Trapped in Marawi, Muslims shield Christians from terrorists

Bobby Lagsa
Trapped in Marawi, Muslims shield Christians from terrorists
Dozens of Christian civilians trapped in Marawi City survived 11 days, thanks to the protection by Muslims

LANAO DEL NORTE, Philippines – Government troops and the rescue ream of the Provincial Crisis Management Center on Saturday, June 3, rescued 163 civilians trapped in Marawi City for 11 days, braving the odds and surviving harrowing experiences inside a conflict area.

Those who were rescued included Christian residents and workers who were protected by Maranao residents, as the extremist Maute Group tried to single out and remove the Christians from the Maranaos.

At the house of former ARMM Deputy Governor Norodin Alonto Lucman, 71 residents took refuge under his care and protection. Almost half of them were Christians, including 13 Smart Communications contractual maintenance workers, 33 Dansalan Junior College teachers, women, and children – the youngest, just 2 months old.

In another house, a Christian woman married to a Maranao also holed up with other Christians, including children who are having their vacation. With them is a mechanic with his family.

They were among those rescued on Saturday. One man has a gunshot wound on his leg. They said that he got shot on the day the fighting started.

Jayare Libanta, from El Salvador, Misamis Oriental, said that he and 12 others were working on a communications tower when the fighting started. “We hide in the compound first, then we tried to move to another house by climbing over the wall. When we saw that there are other people in the big house, we took shelter there,” Libanta said.

That house is owned by Lucman, a prominent and respected figure in ARMM.

Libanta said that many times, the extremists would come over the gate of the house and Lucman would talk to them. “They did not enter the house, they respected him,” Libanta said.

Lucman, during a press conference, said that the extremists came over to his house, asking for weapons and ammunitions, but he said that he has none.

Libanta said that women and children hid in the basement and ground floor.

For 11 days, all of them were protected and cared for by Lucman.

PROTECTOR. Former ARMM Deputy Governor Norodin Alonto Lucman is escorted by a soldier and a rescue worker. Lucmans's house became a refuge for both Muslims and Christians for 11 days during the Marawi siege. Photo by Bobby Lagsa/Rappler

At first, food were served, and when the food ran out, they had to ration the food. First to get food were the children, then the women; the men would have it last.

“The first 4 days, we have food, then it started to become really difficult, but we need to survive,” Libanta said.

The survivors are also thankful for the rain for they have water for drinking and for keeping the toilet clean.

Lucman said that what they all went through was quite an ordeal. “It was quite an ordeal that I have to take responsibility for the lives of Muslims and Christians who are in my hands… I’m sure the family shares this,” Lucman said in a press conference.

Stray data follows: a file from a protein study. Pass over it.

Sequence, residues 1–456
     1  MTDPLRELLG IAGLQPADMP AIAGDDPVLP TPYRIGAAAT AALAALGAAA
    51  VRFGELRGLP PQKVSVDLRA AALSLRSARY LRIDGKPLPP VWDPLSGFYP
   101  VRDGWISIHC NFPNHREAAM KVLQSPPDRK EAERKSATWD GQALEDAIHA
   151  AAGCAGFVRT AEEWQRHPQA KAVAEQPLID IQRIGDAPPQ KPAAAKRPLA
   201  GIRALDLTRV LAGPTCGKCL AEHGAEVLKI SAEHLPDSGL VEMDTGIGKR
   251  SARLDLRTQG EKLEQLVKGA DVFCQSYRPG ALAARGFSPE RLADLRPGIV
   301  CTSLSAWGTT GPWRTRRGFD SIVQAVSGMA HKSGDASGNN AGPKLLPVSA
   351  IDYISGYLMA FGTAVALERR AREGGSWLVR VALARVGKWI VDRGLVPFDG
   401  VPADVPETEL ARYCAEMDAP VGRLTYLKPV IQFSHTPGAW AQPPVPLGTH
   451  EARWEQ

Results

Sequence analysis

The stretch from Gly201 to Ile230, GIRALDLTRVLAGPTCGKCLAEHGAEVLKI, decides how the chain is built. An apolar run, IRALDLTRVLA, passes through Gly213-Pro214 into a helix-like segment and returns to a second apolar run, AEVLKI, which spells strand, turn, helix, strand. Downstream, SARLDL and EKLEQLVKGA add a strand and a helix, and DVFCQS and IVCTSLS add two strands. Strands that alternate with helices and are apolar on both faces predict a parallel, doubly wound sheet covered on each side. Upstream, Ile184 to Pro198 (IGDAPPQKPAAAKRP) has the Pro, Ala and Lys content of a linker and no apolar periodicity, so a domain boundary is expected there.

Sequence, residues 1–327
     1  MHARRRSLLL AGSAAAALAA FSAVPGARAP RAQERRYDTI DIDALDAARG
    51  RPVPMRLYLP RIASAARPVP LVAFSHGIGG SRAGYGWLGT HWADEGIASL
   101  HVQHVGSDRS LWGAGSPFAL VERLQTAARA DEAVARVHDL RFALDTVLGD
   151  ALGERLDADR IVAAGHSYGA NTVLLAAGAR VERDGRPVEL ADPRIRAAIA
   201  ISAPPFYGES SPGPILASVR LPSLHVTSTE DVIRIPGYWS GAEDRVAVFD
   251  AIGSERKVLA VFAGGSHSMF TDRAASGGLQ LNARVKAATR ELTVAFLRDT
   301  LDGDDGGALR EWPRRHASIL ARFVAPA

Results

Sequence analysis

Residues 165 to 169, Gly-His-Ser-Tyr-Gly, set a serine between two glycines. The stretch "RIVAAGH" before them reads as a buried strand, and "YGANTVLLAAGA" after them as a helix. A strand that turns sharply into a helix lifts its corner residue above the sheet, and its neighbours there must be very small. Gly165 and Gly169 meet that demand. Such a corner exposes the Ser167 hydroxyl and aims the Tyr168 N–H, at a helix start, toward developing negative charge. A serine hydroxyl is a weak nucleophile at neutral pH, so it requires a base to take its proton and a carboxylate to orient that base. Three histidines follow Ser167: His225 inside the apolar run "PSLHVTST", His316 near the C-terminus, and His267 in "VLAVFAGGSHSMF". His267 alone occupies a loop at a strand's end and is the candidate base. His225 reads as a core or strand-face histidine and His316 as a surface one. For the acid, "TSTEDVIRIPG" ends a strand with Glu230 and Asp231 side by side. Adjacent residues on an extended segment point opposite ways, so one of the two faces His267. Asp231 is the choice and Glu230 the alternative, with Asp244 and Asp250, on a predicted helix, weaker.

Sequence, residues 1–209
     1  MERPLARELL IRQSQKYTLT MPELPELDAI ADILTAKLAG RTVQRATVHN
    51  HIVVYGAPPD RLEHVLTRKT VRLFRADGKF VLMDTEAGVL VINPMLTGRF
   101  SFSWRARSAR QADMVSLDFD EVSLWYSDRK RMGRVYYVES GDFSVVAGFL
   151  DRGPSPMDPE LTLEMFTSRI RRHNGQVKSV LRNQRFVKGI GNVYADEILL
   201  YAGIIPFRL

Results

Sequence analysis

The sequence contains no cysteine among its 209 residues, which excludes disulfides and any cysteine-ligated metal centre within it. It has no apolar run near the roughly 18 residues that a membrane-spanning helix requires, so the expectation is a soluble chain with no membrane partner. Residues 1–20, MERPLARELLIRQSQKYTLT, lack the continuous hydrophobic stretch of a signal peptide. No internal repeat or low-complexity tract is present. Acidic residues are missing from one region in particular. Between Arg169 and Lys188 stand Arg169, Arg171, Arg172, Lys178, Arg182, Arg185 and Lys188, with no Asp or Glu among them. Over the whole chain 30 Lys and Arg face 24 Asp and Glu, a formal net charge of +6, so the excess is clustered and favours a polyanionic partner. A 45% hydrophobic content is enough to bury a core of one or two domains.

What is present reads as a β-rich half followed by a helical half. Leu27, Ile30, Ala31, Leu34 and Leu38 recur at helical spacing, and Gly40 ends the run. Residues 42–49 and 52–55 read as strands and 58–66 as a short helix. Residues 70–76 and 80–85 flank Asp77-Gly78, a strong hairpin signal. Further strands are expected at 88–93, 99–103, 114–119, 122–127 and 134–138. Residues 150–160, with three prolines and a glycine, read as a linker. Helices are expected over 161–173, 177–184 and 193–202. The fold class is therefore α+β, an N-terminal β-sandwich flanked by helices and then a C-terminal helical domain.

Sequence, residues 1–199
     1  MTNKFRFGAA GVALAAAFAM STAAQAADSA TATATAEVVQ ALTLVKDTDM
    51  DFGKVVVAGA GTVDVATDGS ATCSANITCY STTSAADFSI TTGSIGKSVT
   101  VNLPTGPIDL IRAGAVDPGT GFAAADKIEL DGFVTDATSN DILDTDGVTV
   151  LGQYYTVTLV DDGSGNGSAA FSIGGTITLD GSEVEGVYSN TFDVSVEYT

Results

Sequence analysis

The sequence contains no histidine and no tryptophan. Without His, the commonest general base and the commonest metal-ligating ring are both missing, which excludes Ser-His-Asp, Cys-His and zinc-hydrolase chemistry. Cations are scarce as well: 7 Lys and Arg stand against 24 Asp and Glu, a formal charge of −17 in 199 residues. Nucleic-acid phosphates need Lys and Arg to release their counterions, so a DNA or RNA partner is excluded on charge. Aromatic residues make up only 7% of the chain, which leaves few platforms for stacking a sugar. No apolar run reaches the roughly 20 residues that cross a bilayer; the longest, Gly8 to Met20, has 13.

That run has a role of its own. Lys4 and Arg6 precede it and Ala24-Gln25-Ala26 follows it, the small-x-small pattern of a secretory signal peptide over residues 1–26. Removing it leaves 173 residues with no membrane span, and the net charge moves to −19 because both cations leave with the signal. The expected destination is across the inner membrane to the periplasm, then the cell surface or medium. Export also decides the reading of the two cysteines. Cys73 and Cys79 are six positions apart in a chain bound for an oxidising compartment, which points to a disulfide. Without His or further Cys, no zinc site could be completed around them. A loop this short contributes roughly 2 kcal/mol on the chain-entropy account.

Jethro Cardon, a 12-year old child, came to Marawi City to spend his summer vacation here. Marawi is known for its cool climate and foggy afternoons and the serene view of Lake Lanao.

It was his first time to visit the place; he lives in Isulan, Sultan Kudarat. He is visiting his auntie, a Christian who married a Maranao man.

In his aunt’s place, just two blocks away from Lucman’s, they all holed up, waiting for rescue.

In an adjacent house is the family of Richard Nietes. Nietes’s family is from Iligan and he works in Marawi as a mechanic. His family was enjoying the afternoon when the attack happened.

His son Gerard, a grade 6 student, was playing with Jethro when the attack happened.

The Nietes were protected by Jethro’s uncle, a Maranao.

Together, the two families stayed together throughout the ordeal, helping each other and sharing whatever provisions that was left.

YOUNG SURVIVORS. Gerard Nietes and Jethro Cardon never left each other since the conflict in Marawi started. The two boys were just on vacation to spend their summer vacation in the city. Photo by Bobby Lagsa/Rappler

From the 2nd floor of the house, they saw what was happening outside. The extremists came over once and asked if there are Christians in the house. They left but never strayed too far from the house.

The children saw the extremists – dressed in black and carrying heavy weapons.

When Rappler asked Jethro if he was scared, he said “no”, but his eyes betrayed him. He held back his tears, staying strong even under immense fear; his hands, clutching tight the candies given to them by soldiers, were trembling.

Gerard was looking over him; he, too, was holding his breath as they sat together, waiting for their turn to be processed by the police.

Gerard too was silent, just smiling when asked; he only said he wanted to go back to school.

For Libanta and 12 of his companion, it is another lease of life. When asked if they will ever come back to Marawi, they said yes. “We will come back. We work here. We need to maintain the towers,” they said.

For Lucman, the extremist already failed since Day 1, “They never got the support of the people, they failed,” Lucman said.

“We are commited to the protection of Christians in our province. That is the legacy of our departed elders to instill in our lives in our hearts and minds the need for Muslim-Christian harmony in this country,” Lucman said. –

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